How does your audience differ from players of classic games like GTA?

I actually don't know, but my games are diametrically different. I think it's more people in their 30s and 40s who are no longer interested in playing shooting titles. The older generation grew up on them, but they are bored with them now. Moreover, as people age, they may contemplate more, think about death and the meaning of life. So I tried to create a game that would be similar to an art film.

You disrupt stereotypes not only in the visual processing but also in the design of the game itself. Try to describe how.

Mainstream games are built in a certain way – they have levels, you walk through corridors, you have to kill someone, or solve a quest. That's not at all the case in my games. For example, in Afterglitch, you are an astronaut on a planet and you have no instructions on what to do. You have to figure everything out yourself. And as you progress through the game, you immerse yourself into fragments and images. The game is more about feeling than pure playability. You have to have an open mind to be able to play and want to finish the game.

Vladimír Kudělka at the Summer Film School in Uherské Hradiště | Autor: Archives of Vladimír Kudělka

I'm trying to imagine it.

It's exploratory science fiction. A walk of an astronaut moving through the fourth dimension and parallel worlds that are beginning to fall apart. It goes as far as religious themes and transcendence.

What led you to turn to philosophical themes in your games?

Good question. After releasing the first art game, I noticed that mainstream titles have a greater reach. And I regretted a bit that I went too far in the artistic direction. After all, I've been taught from school to provoke and not be part of the flow. That's why with Afterglitch I thought I'd be more mainstream. I chose an astronaut on a planet, which is a relatively graspable concept. I developed the game for three years and kept redoing it. I made four versions and wasn't happy with any of them. I had a creative crisis.

Only when I discarded the effort to please the majority or appeal to them did it break. I started doing it my way regardless of the numbers and forecasts of the gaming market. That's when the breakthrough came and I was able to finish the game.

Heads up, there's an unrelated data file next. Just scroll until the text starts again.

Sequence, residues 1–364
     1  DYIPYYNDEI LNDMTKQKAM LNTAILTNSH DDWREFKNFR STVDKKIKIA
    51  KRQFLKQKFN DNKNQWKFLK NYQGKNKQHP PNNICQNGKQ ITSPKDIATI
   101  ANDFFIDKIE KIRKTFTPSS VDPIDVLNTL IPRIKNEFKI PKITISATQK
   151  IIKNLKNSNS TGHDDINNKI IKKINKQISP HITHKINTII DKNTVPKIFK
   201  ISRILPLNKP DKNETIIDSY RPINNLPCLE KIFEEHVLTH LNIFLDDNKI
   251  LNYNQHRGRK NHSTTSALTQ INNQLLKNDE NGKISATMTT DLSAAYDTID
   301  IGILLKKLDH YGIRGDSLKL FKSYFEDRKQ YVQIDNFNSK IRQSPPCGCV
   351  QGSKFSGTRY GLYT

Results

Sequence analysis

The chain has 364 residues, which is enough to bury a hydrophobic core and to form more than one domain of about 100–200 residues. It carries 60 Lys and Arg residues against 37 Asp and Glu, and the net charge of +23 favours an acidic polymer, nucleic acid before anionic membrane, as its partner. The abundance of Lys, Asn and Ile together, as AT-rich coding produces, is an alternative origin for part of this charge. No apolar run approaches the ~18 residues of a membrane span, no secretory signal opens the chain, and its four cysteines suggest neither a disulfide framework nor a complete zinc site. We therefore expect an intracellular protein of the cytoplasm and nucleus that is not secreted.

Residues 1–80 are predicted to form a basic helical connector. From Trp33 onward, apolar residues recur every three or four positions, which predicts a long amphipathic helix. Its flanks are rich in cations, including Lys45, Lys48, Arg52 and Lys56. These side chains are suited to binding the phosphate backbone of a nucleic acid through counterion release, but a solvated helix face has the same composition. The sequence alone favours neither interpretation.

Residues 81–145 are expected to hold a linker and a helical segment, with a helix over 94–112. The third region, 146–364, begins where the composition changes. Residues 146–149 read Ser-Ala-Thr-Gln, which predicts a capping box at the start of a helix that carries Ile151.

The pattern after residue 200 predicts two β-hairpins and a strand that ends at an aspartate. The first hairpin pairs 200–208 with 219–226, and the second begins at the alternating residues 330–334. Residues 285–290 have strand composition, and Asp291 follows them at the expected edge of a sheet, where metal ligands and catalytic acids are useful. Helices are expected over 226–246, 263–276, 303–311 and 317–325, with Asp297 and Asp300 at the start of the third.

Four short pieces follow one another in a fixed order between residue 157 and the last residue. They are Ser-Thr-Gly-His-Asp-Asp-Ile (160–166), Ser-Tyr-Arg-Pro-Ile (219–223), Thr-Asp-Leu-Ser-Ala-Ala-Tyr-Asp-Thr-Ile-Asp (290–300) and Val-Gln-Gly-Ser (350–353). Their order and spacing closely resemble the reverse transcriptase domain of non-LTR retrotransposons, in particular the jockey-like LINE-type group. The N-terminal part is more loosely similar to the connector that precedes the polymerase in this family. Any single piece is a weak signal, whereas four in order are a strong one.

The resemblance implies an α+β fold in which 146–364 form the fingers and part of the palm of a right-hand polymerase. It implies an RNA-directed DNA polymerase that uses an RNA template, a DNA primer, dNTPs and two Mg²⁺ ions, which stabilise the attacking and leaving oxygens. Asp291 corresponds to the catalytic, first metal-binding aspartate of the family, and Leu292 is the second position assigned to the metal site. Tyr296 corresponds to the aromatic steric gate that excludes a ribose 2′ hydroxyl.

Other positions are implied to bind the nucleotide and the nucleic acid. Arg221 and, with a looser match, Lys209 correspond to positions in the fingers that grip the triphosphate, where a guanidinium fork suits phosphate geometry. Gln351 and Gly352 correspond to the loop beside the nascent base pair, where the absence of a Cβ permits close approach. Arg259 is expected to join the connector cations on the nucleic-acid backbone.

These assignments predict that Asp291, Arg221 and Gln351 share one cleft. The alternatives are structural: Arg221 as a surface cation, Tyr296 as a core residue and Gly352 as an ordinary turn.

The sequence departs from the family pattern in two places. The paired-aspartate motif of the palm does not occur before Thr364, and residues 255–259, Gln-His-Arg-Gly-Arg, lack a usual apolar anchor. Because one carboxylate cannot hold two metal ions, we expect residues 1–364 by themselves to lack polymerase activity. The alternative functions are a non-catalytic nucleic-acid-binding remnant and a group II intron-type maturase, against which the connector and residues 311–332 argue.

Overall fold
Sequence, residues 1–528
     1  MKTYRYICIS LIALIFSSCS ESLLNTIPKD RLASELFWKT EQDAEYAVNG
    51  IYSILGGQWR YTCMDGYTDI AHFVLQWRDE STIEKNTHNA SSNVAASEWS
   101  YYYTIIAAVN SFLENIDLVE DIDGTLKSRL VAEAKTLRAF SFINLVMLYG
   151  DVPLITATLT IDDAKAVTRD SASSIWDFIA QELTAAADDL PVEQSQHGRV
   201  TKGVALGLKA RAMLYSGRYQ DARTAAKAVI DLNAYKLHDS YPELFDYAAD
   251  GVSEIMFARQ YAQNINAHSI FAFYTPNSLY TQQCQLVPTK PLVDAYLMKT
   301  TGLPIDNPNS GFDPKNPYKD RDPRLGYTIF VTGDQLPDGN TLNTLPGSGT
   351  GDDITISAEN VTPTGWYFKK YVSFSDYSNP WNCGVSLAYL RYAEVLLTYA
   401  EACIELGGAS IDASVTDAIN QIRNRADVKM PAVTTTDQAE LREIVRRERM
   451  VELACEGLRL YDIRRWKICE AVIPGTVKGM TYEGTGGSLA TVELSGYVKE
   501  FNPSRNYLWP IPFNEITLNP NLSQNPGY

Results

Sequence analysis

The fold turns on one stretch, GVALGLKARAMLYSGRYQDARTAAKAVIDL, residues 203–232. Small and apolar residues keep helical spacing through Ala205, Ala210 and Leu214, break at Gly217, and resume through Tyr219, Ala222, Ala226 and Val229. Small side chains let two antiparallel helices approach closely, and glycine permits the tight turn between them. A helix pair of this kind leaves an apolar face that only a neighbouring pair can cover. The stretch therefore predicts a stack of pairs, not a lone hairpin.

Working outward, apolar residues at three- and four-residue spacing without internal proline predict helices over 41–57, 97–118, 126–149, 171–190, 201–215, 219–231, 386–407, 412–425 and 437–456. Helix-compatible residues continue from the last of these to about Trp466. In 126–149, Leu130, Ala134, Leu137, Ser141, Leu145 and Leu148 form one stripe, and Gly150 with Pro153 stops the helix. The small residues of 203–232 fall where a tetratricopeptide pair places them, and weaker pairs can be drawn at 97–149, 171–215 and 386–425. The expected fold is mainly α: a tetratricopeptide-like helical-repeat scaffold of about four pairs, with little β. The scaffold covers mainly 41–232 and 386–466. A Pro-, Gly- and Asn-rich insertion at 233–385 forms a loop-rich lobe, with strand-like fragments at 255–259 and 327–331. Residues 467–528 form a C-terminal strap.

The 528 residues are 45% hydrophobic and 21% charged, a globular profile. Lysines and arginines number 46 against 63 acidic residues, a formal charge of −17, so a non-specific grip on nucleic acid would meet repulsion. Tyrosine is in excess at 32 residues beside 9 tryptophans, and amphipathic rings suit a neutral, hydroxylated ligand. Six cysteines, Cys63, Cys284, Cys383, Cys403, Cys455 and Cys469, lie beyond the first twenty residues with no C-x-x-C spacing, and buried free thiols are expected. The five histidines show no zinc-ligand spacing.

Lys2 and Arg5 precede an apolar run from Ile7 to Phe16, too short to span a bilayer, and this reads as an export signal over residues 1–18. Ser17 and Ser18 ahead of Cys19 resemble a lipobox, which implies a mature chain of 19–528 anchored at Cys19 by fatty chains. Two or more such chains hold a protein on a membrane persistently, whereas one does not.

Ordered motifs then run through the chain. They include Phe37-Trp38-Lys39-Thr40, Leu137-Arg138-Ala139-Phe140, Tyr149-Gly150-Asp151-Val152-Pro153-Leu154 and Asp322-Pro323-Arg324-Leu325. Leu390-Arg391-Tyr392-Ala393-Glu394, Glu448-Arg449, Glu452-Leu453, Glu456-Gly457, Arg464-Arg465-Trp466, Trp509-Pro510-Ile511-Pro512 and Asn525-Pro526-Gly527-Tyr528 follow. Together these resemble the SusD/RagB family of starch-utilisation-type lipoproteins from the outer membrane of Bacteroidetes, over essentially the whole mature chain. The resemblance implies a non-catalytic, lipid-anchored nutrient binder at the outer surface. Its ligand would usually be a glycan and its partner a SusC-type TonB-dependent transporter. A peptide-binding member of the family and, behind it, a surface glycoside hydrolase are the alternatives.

The development of the game took 7 years. Was that the only work you were involved in?

Yes, unfortunately, it was a full-time job. The first title paid for the development for all that time. I realised it wasn't entirely rational, but I worked on developing Afterglitch as long as it was possible. So in the end, it was seven years. I would not recommend such a business strategy to graduates.

In 2015, I would probably tell everyone – come and make independent games. But back then, three games were released daily; today, thirty come out. You can easily get lost. And if you don't master marketing perfectly, you probably won’t succeed. Today, it's very difficult to make a living from game development. You have to strategize whether to go to consoles and which ones, whether it can be played on a mobile phone. The market is flooded and uncertain. You can easily burn out.

What will you embark on now? Will you develop another game?

I'm at a career crossroads. I'm planning a virtual reality startup that will have overlap into wellness & fitness. And I could get an investor. I wanted to take a break from game programming because seven years was a long time. And in the future, I would like to deal with more certain things and not bet everything on one card. But the IGF nomination messed it up a bit for me. I got the taste again and a lot of ideas.


Sample from the award-winning game Afterglitch  | Autor: Archives of Vladimír Kudělka
Autor: Archives of Vladimír Kudělka